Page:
Tuesday, 27 November 2018

Aren't You Forgetting Something?

There's been predictable outrage at the suggestion that new social housing should be made non-smoking:
Simon Clark, of Forest, the smokers' campaign group, said: “Reaching into smokers’ homes takes tobacco control in a new and rather sinister direction.”
Dave Jennings, 71, said he had no plans to stop smoking in his council house.
“It is just nonsense,” he told the Mirror near his home in Poplar, east London. “It is not anyone’s business what I do in my house,” he said.
Non-smoker Gary Brown, 66, said people smoking in their homes was no one’s business but their own.
It's not 'their house'. It belongs to someone else. It belongs to the state. And if you are a social housing tenant you are, literally, living in someone else's house.

What they say goes. It's that simple.

H/T: LegIron via Twitter

17 comments:

Longrider said...

Give it time.... State housing is just the soft target here. Soon they will be targeting private homes. First they will go for homes where there are children, just as they did with private cars.

So, yes, you have a valid point - they do not own the home, however, there's another, bigger issue here. It's one of those where liberties collide.

PJH said...

I await the calls for them to stop eating sugar in their 'not-their-home' to follow soon.

Anonymous said...

Would you say the same if they said "no drinking"?

Bucko said...

What Longrider said.
They can't target homeowners with this nonsense, so they will get their foot in the door with people who don't own their homes
They're not just looking at people living off the taxpayer either. They've also identified private tennants as targets. This is the pub situation all over again. It should be the property owner who decides, not the state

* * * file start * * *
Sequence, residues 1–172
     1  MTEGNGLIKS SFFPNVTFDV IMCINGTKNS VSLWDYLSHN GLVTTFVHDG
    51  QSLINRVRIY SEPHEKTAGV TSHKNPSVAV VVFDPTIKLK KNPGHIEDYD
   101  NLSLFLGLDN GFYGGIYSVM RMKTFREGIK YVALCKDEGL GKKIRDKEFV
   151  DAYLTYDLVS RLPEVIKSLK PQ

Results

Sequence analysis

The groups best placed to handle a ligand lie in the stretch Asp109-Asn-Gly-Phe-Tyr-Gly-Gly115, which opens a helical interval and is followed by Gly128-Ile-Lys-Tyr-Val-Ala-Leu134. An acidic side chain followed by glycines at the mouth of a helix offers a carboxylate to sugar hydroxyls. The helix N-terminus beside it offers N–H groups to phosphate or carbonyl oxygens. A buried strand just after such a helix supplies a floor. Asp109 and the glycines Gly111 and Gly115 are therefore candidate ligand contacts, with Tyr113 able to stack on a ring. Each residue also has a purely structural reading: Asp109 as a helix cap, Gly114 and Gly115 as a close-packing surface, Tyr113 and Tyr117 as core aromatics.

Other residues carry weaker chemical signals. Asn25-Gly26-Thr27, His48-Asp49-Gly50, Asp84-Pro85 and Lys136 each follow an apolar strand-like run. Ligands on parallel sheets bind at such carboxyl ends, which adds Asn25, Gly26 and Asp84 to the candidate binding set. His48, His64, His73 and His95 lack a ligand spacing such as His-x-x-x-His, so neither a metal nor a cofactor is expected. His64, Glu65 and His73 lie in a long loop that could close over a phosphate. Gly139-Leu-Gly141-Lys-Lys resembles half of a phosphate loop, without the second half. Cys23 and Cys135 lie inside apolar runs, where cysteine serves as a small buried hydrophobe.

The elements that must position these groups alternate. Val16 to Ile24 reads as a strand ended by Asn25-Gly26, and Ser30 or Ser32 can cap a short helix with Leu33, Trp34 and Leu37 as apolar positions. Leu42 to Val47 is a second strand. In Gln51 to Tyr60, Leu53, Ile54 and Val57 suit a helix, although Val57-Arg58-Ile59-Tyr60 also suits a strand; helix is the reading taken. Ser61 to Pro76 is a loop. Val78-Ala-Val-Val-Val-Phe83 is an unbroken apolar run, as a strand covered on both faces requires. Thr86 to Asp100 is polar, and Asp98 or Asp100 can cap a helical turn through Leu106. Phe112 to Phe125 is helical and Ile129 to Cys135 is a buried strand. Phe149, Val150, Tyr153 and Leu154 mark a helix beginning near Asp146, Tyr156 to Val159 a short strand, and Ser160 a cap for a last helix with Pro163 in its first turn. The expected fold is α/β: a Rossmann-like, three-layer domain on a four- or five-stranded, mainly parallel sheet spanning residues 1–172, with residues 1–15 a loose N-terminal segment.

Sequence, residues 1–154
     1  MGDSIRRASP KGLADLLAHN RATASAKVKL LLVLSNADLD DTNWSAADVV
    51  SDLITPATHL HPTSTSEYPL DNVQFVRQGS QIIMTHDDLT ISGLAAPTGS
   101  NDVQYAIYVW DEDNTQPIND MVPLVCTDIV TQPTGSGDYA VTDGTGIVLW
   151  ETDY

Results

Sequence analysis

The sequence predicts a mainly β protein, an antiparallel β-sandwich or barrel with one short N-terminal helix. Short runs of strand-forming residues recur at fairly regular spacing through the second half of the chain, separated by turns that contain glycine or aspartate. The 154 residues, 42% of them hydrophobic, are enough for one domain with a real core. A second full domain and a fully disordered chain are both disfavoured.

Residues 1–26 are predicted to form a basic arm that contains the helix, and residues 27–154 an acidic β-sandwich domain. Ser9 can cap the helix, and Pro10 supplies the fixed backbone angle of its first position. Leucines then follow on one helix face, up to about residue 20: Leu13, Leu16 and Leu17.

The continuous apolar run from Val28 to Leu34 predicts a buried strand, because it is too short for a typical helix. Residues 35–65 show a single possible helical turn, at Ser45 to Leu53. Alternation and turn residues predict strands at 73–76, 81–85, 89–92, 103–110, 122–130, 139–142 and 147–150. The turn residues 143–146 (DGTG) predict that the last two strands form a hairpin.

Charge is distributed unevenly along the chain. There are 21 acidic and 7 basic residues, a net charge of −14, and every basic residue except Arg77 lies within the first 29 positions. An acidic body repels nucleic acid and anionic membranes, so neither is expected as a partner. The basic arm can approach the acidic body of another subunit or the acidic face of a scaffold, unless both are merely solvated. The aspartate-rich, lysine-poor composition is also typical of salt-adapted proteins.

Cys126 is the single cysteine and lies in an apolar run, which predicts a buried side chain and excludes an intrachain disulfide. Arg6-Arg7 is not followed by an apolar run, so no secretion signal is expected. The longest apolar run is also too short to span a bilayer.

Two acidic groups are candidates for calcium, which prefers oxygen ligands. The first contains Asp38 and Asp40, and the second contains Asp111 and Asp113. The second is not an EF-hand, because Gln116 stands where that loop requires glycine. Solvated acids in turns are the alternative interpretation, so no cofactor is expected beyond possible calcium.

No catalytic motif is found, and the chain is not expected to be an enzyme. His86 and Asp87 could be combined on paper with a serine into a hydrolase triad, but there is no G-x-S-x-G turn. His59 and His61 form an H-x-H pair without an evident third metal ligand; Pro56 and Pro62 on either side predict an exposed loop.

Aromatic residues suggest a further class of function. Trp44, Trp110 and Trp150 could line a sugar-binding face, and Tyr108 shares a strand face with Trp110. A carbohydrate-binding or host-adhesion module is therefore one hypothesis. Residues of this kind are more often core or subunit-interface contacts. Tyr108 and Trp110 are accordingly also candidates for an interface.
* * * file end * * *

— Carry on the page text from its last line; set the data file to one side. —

Timbotoo said...

Even private housing is “not their, or your home”. After you pay off the mortgage you still have annual taxes as a subtle reminder of who really owns the property. Against that background it’s not a stretch to having the State in your living room, bedroom and everywhere else.

Fredrik Eich said...

Yes, the bricks and land may belong to someone else, in many cases the the bank. But there is a reasonable expectation the you can mostly do what you want your home. Banning recreational sex in peoples homes may well cut down on sexually transmitted diseases but is that compatible with notions of liberty? One could go a step further and ban sex completely and insist that procreation happens as a medical procedure. Or ban alcohol use to cut down on domestic violence? etc,etc

Anonymous said...

I think that it is a deeply unpleasant character trait to want to interfere in other people's lives in this way. Sadly there seem to be far too many people who have said trait and like to get themselves into the kind of positions where they can impose their prejudices on other people. I say this as someone who is no fan of smoking, but if other people want to smoke I consider it to be non of my business.

Stonyground

Ted Treen said...

As with any other form of "for your own good" state prohibition/interference, this would just be the thin end of the wedge.

Longrider and Bucko are completely correct in what they say. How long would it be before we have Orwell's telescreens and compulsory monitored morning exercise "to counter obesity"?

Anonymous said...